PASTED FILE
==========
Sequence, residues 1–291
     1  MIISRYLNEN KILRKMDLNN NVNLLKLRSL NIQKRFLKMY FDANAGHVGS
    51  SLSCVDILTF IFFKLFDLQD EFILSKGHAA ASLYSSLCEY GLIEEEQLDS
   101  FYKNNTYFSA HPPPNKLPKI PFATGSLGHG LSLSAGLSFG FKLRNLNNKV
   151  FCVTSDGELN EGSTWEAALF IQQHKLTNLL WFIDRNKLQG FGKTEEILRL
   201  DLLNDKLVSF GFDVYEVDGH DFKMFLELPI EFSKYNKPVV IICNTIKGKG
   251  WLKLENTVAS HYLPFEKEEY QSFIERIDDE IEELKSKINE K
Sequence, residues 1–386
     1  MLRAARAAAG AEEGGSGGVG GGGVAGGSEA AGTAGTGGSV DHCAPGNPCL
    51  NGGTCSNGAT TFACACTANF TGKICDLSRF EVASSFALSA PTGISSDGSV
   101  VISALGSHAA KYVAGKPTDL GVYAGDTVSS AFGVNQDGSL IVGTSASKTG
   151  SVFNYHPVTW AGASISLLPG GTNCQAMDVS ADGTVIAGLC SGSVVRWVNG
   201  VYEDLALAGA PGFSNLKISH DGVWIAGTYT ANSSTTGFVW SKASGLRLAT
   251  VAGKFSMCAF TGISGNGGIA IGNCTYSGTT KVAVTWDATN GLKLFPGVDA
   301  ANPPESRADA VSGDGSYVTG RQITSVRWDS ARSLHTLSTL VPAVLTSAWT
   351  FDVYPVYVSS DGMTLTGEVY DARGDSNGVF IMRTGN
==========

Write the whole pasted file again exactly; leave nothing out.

Sequence, residues 1–291
     1  MIISRYLNEN KILRKMDLNN NVNLLKLRSL NIQKRFLKMY FDANAGHVGS
    51  SLSCVDILTF IFFKLFDLQD EFILSKGHAA ASLYSSLCEY GLIEEEQLDS
   101  FYKNNTYFSA HPPPNKLPKI PFATGSLGHG LSLSAGLSFG FKLRNLNNKV
   151  FCVTSDGELN EGSTWEAALF IQQHKLTNLL WFIDRNKLQG FGKTEEILRL
   201  DLLNDKLVSF GFDVYEVDGH DFKMFLELPI EFSKYNKPVV IICNTIKGKG
   251  WLKLENTVAS HYLPFEKEEY QSFIERIDDE IEELKSKINE K
Sequence, residues 1–386
     1  MLRAARAAAG AEEGGSGGVG GGGVAGGSEA AGTAGTGGSV DHCAPGNPCL
    51  NGGTCSNGAT TFACACTANF TGKICDLSRF EVASSFALSA PTGISSDGSV
   101  VISALGSHAA KYVAGKPTDL GVYAGDTVSS AFGVNQDGSL IVGTSASKTG
   151  SVFNYHPVTW AGASISLLPG GTNCQAMDVS ADGTVIAGLC SGSVVRWVNG
   201  VYEDLALAGA PGFSNLKISH DGVWIAGTYT ANSSTTGFVW SKASGLRLAT
   251  VAGKFSMCAF TGISGNGGIA IGNCTYSGTT KVAVTWDATN GLKLFPGVDA
   301  ANPPESRADA VSGDGSYVTG RQITSVRWDS ARSLHTLSTL VPAVLTSAWT
   351  FDVYPVYVSS DGMTLTGEVY DARGDSNGVF IMRTGN